David Steinberg, left, and Larry David, talk comedy on "Inside Comedy." (Brian van der Brug / Los Angeles…)
Young comedy writers often ask Larry David for advice on how to make it in Hollywood. Here's what he tells them — don't have a family, don't get married, don't have any responsibilities.
When people rely on you — at least financially — your negotiating strength is diminished or completely eliminated, David said recently during a conversation about all things comedy with David Steinberg. The pair, friends since their early days as stand-ups in New York City, were together in David's comfortable Santa Monica office to promote Steinberg's 10-part Showtime series, "Inside Comedy," which begins Thursday.
The "Curb Your Enthusiasm" star is one of an all-star team of comedians — Chris Rock, Jerry Seinfeld, Sarah Silverman, Ellen DeGeneres, Don Rickles and Mel Brooks, among others — that sit down with Steinberg to talk about their influences, their early days in the business and their journey in comedy. The interviews underscore the extraordinary cultural rise of comedy, especially stand-up, from small clubs in New York's Greenwich Village to dominating prime-time television and movies.
One insight into the entertainment business revealed during David's segment is, as Steinberg put it, the power of no — something much easier to exercise if you're solitary. It is a word David availed himself of at what turned out to be critical moments in his career. When NBC executives pressed for changes in the early days of "Seinfeld," to make it more palatable to a broadcast audience, David refused.
"It's easy for me to have said no," said David. "I didn't have a family or anything. I had a little apartment I could have gone back to and I didn't mind it. I had nothing to lose.
"But if you've got a family and kids and school and all that," the 64-year-old Brooklyn native continued, "you have to be like, 'Yeah, what do you want me to do?' You have to say yes. There's nothing else you can do."
Originally, the project was envisioned as a movie, said Steinberg, an executive producer of the series along with comedian Steve Carell. But after some initial interviews, they quickly realized they had way too much material for a film.
"The half-hour I did with Larry would have been four minutes in a movie," said Steinberg, who spent a year editing the project. "I didn't want to lose the value of those interviews."
In the series, David and Rock have stand-alone episodes, while the other comedians are combined into single episodes in groups of two or three. The premiere pairs Seinfeld and Rickles, bouncing back and forth between Seinfeld's worries about what success does to a comedian's instincts and Rickles' road to becoming an insult king. Archival footage of performances is woven throughout the episodes.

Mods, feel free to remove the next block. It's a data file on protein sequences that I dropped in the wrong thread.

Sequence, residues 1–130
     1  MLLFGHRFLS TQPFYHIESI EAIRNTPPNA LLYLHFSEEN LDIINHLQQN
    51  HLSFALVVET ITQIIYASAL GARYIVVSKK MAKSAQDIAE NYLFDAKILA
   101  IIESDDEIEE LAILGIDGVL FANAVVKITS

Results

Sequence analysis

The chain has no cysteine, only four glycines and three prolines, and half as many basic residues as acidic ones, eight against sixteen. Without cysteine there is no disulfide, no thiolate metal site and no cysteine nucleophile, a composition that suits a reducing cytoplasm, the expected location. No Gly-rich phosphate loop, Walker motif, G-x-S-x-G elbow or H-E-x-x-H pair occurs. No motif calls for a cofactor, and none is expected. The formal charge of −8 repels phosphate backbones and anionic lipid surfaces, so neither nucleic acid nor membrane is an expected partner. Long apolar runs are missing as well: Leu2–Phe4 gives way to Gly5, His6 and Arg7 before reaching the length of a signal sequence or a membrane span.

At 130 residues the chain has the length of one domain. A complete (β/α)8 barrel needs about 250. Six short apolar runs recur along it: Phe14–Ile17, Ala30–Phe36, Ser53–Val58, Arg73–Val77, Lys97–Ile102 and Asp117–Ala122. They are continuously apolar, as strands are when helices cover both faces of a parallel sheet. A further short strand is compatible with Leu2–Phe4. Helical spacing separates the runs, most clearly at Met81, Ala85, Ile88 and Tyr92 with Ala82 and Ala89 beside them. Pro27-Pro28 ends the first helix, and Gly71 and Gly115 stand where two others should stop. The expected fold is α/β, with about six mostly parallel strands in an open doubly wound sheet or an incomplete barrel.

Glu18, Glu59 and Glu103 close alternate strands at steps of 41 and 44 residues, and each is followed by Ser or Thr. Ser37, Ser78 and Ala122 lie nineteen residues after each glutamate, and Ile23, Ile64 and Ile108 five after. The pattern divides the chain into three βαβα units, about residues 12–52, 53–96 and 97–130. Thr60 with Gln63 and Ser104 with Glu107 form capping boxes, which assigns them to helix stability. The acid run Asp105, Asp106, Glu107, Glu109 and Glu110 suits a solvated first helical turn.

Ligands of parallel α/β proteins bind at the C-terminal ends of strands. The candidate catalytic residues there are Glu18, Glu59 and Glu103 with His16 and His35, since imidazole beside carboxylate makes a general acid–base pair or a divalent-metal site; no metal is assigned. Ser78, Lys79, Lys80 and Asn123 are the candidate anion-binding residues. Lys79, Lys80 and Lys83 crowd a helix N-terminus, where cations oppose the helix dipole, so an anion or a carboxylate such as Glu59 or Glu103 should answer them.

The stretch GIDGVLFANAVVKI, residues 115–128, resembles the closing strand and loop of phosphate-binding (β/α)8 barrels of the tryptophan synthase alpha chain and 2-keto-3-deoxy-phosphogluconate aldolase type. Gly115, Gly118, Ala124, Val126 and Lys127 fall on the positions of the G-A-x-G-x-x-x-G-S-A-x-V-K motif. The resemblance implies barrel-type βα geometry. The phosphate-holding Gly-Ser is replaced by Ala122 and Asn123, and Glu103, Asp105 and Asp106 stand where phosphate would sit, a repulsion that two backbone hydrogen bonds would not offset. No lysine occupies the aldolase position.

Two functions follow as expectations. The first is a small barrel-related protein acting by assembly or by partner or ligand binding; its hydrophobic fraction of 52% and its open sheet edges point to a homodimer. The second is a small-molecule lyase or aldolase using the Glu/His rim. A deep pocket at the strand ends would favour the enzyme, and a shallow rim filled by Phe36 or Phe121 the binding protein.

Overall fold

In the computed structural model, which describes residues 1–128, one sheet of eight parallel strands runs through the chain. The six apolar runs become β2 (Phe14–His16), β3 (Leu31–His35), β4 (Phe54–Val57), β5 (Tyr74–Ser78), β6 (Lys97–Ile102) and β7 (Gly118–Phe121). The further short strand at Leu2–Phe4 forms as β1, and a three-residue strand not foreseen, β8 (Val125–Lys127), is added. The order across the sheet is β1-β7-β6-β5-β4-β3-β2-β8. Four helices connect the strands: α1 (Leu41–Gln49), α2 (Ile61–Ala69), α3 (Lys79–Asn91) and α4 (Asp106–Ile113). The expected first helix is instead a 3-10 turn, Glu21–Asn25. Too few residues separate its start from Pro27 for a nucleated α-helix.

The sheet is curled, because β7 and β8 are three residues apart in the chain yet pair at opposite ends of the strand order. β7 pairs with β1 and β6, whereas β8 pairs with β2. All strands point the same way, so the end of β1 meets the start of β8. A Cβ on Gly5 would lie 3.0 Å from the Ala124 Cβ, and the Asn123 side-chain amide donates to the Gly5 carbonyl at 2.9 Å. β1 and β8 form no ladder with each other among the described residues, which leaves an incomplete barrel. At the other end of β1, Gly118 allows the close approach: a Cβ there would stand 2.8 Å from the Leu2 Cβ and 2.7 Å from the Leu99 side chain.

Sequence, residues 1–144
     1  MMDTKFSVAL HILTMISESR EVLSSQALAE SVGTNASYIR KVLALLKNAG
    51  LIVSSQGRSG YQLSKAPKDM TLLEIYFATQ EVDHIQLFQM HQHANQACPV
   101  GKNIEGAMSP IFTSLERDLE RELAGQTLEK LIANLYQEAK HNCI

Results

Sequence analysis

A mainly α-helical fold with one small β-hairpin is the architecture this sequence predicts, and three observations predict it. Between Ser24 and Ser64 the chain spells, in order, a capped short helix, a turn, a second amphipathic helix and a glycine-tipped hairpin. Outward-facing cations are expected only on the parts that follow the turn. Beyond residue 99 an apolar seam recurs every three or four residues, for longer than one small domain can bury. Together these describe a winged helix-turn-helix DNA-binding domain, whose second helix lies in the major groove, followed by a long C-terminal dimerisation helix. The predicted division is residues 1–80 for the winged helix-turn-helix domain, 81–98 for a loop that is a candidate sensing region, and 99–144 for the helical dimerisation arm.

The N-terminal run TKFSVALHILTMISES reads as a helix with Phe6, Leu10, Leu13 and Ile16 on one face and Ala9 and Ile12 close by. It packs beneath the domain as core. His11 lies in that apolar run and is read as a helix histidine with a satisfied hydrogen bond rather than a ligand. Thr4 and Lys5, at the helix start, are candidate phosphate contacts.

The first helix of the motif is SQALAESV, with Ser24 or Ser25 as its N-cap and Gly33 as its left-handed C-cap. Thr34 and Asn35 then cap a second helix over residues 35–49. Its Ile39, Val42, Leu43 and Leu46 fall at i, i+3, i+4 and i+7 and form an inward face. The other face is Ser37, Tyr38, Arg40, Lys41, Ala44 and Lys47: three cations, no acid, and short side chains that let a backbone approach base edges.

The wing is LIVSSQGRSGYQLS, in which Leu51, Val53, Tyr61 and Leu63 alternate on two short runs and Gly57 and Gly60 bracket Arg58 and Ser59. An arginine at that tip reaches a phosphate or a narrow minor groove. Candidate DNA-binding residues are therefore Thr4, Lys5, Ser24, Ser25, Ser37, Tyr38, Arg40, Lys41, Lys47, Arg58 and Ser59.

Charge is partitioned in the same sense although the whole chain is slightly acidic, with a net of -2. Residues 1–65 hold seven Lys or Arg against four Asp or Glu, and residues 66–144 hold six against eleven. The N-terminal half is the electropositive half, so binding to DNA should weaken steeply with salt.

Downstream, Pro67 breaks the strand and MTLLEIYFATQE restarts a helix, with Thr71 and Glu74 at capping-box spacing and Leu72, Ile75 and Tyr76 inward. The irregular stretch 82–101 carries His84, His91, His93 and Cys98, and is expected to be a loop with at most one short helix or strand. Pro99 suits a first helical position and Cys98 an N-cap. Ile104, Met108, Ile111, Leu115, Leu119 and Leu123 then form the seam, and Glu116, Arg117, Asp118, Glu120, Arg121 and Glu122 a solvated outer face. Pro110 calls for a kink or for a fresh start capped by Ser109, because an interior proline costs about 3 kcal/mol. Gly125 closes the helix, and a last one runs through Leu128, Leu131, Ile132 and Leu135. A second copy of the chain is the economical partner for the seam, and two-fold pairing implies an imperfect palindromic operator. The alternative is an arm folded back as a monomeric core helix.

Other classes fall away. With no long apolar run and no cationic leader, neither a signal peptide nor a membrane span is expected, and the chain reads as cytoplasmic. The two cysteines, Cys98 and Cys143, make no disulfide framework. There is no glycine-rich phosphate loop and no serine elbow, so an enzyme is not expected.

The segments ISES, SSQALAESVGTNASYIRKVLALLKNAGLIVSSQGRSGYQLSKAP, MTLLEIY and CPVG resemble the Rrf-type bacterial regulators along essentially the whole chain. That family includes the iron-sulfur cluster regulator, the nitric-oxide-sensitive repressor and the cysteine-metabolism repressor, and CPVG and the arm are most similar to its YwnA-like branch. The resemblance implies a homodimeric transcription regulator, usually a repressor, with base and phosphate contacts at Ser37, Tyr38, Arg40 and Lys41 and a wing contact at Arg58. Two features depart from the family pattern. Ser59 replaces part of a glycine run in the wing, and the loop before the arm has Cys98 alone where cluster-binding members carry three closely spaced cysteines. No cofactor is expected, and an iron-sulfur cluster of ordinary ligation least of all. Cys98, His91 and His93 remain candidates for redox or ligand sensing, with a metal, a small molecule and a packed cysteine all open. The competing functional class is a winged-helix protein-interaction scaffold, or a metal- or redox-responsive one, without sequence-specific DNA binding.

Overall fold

The series shines a light on the formative experiences of the developing comic mind — an up-and-coming Billy Crystal is crestfallen after telling Orson Welles that he was a fan, only to have the legendary actor dismiss him with an expletive; Frank Sinatra seemed never to remember the name of his warm-up act, Brad Garrett, usually calling him "Greg Barrett"; and David bragged as a kid that it was his whistling that opened "The Andy Griffith Show."
"That was a great lie," said Steinberg. "Who would challenge you?"
"Yes, when I lie today my lies have an unusual quality that you have to believe," said David. "They have a quality that's like 'Why would he think of that?' So, I'm a step ahead of people on my lying."
Steinberg is well acquainted with David's behavioral quirks — the two met on the set of "Fridays," an early '80s comedy sketch show patterned after "Saturday Night Live." But Steinberg was already someone David knew and admired.
"Whenever he was hosting 'The Tonight Show,' I would always watch it," said David. "He was really this bright, sharp, funny guy who wasn't doing jokes for the sake of jokes. He was just talking and being funny."
"Yeah, I was hard to book because of my act at that time," added Steinberg, whose long list of directing credits for television includes "Curb Your Enthusiasm." "I ended up opening for jazz groups."
Steinberg points to his interview with Rock, where he talks about the importance of finding a place to fail — for him, in a small club in Florida. Comedians cannot go from the page to the big stage and expect to do well.
"The audience will tell you where it's working and where it's not," said Steinberg. "It's the same as when you start out as when you're famous."
"The one thing about stand-up is that when you're looking at that comedian, he's got the microphone and the audience, it's a cool thing to do," added David. "When it's really working, there is no better feeling."
Back in the late '70s and early '80s, stand-up comedians, with few exceptions, were considered a lower form of entertainment life, they said. It was not something to aspire to, and it didn't pay much.
"Today, comedy has become corporate and a huge business," said Steinberg, 69, a native of Canada. "But back then, if you were dating someone and they brought you home and said, 'Oh yeah, he's a comedian,' the mother wouldn't have been happy about that."
"There's another reason for the mother not to be so happy," added David. "We weren't the handsomest lot in the world either."